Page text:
Go Gleaning (Please)

Six years ago, I went gleaning for the first time, gathering sweet potatoes in rural North Carolina.

A year ago, I went through a brief training so as to coordinate future gleaning outings.

Yesterday, I got to supervise one such outing–gleaning sweet potatoes, of course (it is North Carolina). The volunteers were mostly a troupe of girl scouts, who got a valuable lesson in where their food comes from and how much of it is regularly wasted.

The arithmetic looked like this: 20 people + 2 hours = 600 lbs. of sweet potatoes recovered (as pictured). While we worked for a little more than two hours, we could have gleaned that field for two weeks and still found more sweet potatoes.

I highly recommend volunteering with a gleaning operation (SOSA is a large one). In my mind, there’s no better way to honor the spirit of Food Day than by rescuing food that would otherwise be plowed under and get it to those in need.

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5 Comments

  1. Joe
    Posted November 2, 2011 at 6:55 pm | Permalink

    Hi, could you tell me a bit more about this please? I don’t think I fully understand it all. Why would the food have been ploughed under?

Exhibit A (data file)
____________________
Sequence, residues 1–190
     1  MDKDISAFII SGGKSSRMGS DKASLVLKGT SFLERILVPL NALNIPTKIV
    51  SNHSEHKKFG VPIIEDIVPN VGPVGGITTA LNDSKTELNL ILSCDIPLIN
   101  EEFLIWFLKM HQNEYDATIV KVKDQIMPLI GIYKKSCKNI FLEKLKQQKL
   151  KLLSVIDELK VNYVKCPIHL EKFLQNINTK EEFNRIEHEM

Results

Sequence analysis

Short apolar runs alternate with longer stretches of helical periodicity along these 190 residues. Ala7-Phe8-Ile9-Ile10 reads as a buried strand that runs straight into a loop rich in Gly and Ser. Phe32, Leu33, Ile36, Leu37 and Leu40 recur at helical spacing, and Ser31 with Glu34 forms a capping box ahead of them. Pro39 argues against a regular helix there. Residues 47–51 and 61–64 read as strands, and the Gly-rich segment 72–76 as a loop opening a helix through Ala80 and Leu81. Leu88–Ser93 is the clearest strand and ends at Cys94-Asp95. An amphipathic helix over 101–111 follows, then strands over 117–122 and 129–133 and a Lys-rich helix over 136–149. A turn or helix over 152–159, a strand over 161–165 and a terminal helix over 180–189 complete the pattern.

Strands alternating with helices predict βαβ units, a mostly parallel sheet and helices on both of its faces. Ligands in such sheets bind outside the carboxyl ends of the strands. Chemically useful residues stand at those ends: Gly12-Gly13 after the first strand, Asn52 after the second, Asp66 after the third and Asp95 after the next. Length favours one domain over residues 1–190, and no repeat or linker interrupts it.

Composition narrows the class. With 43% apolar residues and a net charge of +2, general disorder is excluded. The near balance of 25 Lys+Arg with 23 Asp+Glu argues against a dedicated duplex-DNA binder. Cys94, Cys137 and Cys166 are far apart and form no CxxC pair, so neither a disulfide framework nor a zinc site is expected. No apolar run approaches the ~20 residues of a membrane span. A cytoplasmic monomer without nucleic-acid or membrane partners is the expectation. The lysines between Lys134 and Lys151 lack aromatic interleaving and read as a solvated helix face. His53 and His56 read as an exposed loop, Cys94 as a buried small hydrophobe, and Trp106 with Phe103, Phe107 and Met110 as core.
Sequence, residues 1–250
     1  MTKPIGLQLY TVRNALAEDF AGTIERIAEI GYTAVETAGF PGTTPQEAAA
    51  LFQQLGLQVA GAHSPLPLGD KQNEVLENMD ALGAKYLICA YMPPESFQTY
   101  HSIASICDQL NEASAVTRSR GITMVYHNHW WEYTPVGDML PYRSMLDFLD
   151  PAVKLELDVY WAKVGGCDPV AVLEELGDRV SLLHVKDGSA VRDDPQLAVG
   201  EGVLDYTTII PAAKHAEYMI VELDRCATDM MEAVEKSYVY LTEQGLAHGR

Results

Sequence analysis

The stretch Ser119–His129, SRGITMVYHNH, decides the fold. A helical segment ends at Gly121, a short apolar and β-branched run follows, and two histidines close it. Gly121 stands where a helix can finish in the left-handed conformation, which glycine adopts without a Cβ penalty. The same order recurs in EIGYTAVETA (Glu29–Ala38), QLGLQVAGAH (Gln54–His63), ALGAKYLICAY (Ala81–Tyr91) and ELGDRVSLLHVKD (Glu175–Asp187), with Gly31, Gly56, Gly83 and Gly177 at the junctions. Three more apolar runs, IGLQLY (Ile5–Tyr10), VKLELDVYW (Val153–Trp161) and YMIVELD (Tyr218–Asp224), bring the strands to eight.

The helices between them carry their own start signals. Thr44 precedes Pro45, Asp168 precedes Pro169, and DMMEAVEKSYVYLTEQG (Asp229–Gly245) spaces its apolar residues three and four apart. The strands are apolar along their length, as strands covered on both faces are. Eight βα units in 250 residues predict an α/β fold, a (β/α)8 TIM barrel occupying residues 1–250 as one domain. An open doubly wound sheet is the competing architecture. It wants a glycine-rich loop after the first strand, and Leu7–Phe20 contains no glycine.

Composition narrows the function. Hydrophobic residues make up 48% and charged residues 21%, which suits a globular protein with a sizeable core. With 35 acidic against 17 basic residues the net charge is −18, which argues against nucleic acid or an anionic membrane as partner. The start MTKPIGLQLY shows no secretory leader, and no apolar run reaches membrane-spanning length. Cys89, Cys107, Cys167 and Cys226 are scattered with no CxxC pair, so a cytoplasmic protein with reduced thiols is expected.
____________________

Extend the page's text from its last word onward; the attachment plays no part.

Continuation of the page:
Thanks

  2. Posted November 3, 2011 at 2:41 pm | Permalink

    Hey Joe,
    Usually the crops gleaned are things that wouldn’t be harvested because the price doesn’t justify the labor. It can be that there’s a glut of a certain crop or that a grower planted an extra field “just in case,” but there were no insect or weather problems. That’s the short answer; hope that helps.

  3. Posted November 4, 2011 at 11:40 am | Permalink

    While I do like the idea of gleaning to feed the hungry, there’s another way to look at this: organic matter plowed back into the soil actually enriches it. I’d be far more appalled to see the food harvested but neither eaten nor composted.

  4. lawrence
    Posted November 8, 2011 at 3:55 am | Permalink

    Ohhh the humanity. I just got back from the Kinston (NC) area. Holy Sweet Potato nightmare.
    Year before last, I had the opportunity to talk to the farmer, from whom my best friend rented, and got permission to take all the sweets I wanted as long as I did not sell them.

    Four rows, 30 minutes = 18 bags of sweet potatoes at about 10 pounds per bag. (that doesn’t count the one the size of a basketball).
    There were few thousand acres he had planted. I had to ask… WHY!???!

    The short explanation: the field is turned over and migrant workers collect only perfect size and shape potatoes. Those are then graded for appearance, ‘damaged’ ones go to canning the the perfect ones to grocery stores. The left over TONS are left to rot (smelly!) and plowed in.

    Wish I had taken his number and gotten permission to pick up ‘taters’ every year.

  5. Posted December 26, 2011 at 11:29 am | Permalink

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